History of Wilton Castle
Set Close to the River Wye in Wilton village near Ross on Wye, Wilton Castle itself dates back to the 12th century, whilst the adjoining manor house was built in the 15th century and was altered throughout the Norman, Tudor, Elizabethan, Georgian and Victorian periods. The purpose of the castle was to safeguard the river crossing on the Welsh border in order to stop the thieving Welsh from plundering farms!
The first owners were the de Longchamp family, but after a relatively short time spanning three generations it passed to the de Greys, who used it to house a garrison of soldiers for some 300 years. It was the de Greys who built the original manor house using stone from the deteriorating castle walls, but by the end of the 16th century they were broke and were forced to sell to marriage related Charles Brydges.
Unfortunately, when the Civil War broke out, Sir John Brydges seriously annoyed the Royalists by refusing to take sides, and the house was torched. The castle and ruins of the manor house were left to their fate until 1731 when Guys Hospital bought Wilton Castle and built a new manor house on the site of the old one; they then rented it out to tenant farmers until 1961 when it was purchased privately. Since then it has changed hands again, been completely restored with the help of English Heritage, and is now used for functions and weddings, however the owners are now looking for new owners to take care of the estate.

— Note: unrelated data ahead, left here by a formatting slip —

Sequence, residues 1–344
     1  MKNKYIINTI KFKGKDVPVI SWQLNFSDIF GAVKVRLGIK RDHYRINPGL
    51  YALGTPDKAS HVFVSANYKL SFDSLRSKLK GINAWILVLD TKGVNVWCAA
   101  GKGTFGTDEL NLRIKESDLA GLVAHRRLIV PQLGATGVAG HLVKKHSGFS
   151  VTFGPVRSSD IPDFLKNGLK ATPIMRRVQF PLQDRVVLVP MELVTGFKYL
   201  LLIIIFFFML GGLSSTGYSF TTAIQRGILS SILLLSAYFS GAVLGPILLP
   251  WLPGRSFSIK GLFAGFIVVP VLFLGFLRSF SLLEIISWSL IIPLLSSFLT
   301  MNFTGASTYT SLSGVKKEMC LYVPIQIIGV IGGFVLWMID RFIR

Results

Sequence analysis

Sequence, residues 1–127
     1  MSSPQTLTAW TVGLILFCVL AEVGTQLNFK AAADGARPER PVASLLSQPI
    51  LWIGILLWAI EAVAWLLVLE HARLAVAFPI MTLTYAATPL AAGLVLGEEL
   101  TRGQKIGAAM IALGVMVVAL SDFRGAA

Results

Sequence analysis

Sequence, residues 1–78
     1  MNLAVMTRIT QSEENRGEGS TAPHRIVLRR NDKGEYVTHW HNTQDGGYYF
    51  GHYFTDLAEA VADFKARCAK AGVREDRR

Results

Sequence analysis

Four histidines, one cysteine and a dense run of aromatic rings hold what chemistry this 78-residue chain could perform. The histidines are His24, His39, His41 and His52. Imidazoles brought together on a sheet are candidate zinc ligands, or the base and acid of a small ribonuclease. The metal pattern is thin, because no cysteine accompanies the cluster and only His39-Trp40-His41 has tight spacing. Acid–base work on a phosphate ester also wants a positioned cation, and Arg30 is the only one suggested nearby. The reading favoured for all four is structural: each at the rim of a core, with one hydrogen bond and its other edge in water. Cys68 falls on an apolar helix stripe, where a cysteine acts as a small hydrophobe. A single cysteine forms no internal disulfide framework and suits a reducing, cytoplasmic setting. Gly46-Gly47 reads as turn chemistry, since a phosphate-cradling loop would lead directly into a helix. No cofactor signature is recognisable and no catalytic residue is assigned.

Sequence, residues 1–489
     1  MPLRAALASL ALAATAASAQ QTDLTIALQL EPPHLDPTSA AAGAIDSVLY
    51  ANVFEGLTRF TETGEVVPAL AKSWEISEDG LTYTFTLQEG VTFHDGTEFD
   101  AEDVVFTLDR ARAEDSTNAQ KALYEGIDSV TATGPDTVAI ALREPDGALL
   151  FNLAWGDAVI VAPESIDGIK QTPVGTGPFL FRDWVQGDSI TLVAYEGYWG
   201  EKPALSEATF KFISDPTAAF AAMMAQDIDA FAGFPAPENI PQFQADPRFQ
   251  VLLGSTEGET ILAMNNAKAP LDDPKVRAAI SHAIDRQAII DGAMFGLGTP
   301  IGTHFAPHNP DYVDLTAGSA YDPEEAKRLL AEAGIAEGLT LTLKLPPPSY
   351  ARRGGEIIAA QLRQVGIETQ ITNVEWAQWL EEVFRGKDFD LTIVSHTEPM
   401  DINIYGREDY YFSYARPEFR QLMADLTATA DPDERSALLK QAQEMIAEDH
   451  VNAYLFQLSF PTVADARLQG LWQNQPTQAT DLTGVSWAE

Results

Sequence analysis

Early 19th Century Furnishings of a small Manor House
One tenant in the early 19th century was Guy Hill who was described as urbane with a general good conduct through life which endeared him to all – he died in 1825
Guy Hill’s widow stayed on at the Castle until her death in 1860, whereupon the contents of the house were put up for auction by the Executors of her Will.
A fascinating insight into how the interior was furnished:
In the dining room and sitting rooms –